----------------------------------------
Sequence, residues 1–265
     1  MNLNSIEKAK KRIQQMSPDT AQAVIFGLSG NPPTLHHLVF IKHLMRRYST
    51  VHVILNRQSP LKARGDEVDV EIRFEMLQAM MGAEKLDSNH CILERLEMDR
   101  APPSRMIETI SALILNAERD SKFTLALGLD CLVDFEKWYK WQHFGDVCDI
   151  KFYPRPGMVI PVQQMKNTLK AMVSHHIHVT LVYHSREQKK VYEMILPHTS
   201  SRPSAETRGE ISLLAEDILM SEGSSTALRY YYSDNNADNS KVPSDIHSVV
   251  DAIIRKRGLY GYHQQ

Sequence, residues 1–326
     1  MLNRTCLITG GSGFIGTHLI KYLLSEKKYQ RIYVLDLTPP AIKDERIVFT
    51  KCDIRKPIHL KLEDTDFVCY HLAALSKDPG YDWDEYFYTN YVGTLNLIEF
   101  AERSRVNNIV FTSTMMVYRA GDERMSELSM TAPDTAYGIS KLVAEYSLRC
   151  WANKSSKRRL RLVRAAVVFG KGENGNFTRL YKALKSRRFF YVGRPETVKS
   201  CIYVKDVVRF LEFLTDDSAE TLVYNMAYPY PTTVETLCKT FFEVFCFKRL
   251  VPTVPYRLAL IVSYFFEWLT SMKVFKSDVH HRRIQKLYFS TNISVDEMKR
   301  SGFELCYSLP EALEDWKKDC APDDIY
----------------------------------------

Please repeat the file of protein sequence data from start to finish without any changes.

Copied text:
Sequence, residues 1–265
     1  MNLNSIEKAK KRIQQMSPDT AQAVIFGLSG NPPTLHHLVF IKHLMRRYST
    51  VHVILNRQSP LKARGDEVDV EIRFEMLQAM MGAEKLDSNH CILERLEMDR
   101  APPSRMIETI SALILNAERD SKFTLALGLD CLVDFEKWYK WQHFGDVCDI
   151  KFYPRPGMVI PVQQMKNTLK AMVSHHIHVT LVYHSREQKK VYEMILPHTS
   201  SRPSAETRGE ISLLAEDILM SEGSSTALRY YYSDNNADNS KVPSDIHSVV
   251  DAIIRKRGLY GYHQQ

Sequence, residues 1–326
     1  MLNRTCLITG GSGFIGTHLI KYLLSEKKYQ RIYVLDLTPP AIKDERIVFT
    51  KCDIRKPIHL KLEDTDFVCY HLAALSKDPG YDWDEYFYTN YVGTLNLIEF
   101  AERSRVNNIV FTSTMMVYRA GDERMSELSM TAPDTAYGIS KLVAEYSLRC
   151  WANKSSKRRL RLVRAAVVFG KGENGNFTRL YKALKSRRFF YVGRPETVKS
   201  CIYVKDVVRF LEFLTDDSAE TLVYNMAYPY PTTVETLCKT FFEVFCFKRL
   251  VPTVPYRLAL IVSYFFEWLT SMKVFKSDVH HRRIQKLYFS TNISVDEMKR
   301  SGFELCYSLP EALEDWKKDC APDDIY